A team of Leidos (NYSE: LDOS), healthcare technology maker Cerner (Nasdaq: CERN) and Accenture (NYSE: ACN) has beaten two other industry teams for the Defense Department‘s multi-year, multibillion dollar contract to integrate a commercial electronic health records system across the Military Health System.
DoD said Wednesday the contract has a $4, 336, 822, 777 ceiling value over the initial two-year ordering period with two three-year option periods and another potential two-year award term that would bring the total ordering period to 10 years.
A subsequent report by DoD News quotes Frank Kendall, Pentagon acquisition chief, as saying DoD’s latest figures estimate the cost of the new system to be around $9 billion over 18 years.
NextGov first reported the award at 3:32 p.m. Eastern time and Leidos’ stock jumped 7 percent between then and 3:45 before it closed at a 5-percent increase for the day to $40.40, which Bloomberg News says is the company’s largest one-day increase since Dec. 3, 2014.
Cerner closed up 7 percent to $73.40 and its stock also spiked after Nextgov’s report of the Defense Healthcare Management System Modernization program award surfaced.
DoD narrowed the DHMSM competition to three teams in February with bids from a group of Epic Systems and IBM (NYSE: IBM); and a consortium of Allscripts, Computer Sciences Corp. (NYSE: CSC) and Hewlett-Packard (NYSE: HPQ).
A fourth proposal from a team of PwC, DSS, General Dynamics (NYSE: GD) Google (Nasdaq: GOOG) and Medsphere was eliminated during that downselect portion of the DHMSM competition.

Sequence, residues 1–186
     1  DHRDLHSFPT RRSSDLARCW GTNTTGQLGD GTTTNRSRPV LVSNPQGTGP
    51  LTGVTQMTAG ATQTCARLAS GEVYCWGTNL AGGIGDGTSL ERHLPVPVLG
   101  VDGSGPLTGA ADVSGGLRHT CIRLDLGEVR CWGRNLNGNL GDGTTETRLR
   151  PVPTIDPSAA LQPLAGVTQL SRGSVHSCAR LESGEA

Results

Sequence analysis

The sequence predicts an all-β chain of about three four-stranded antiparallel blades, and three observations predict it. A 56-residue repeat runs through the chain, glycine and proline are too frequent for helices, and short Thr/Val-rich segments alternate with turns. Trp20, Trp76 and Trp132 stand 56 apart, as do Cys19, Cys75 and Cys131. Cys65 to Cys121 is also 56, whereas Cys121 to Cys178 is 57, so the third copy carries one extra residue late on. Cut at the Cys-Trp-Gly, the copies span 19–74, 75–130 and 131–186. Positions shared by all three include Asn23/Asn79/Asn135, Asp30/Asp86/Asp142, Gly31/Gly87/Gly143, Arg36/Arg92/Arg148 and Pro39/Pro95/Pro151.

Six offers were submitted in total to the Pentagon for the contract, DoD said.
The Pentagon aims to have an initial replacement fielding complete at eight locations in the Pacific Northwest region by the end of next year and cover all military service branches, DoD News reports.
Kendall said the Pentagon wants the EHR system to cover close to 9.5 million beneficiaries and 205, 000 care providers once fully functional, according to DoD News.
Dr. Jonathan Woodson, assistant defense secretary for health affairs, told House lawmakers in February 2014 the Pentagon wants to achieve full functionality of the system by 2023.
DHMSM is intended as the replacement setup for the Pentagon’s Armed Forces Health Longitudinal Technology Application, inpatient Composite Health Care System and most components of the Theater Medical Information Program-Joint.
The Military Health System encompasses 1, 230 locations in 16 countries, 55 inpatient hospitals and medical centers, 352 ambulatory care clinics and more than 300 expeditionary care clinics.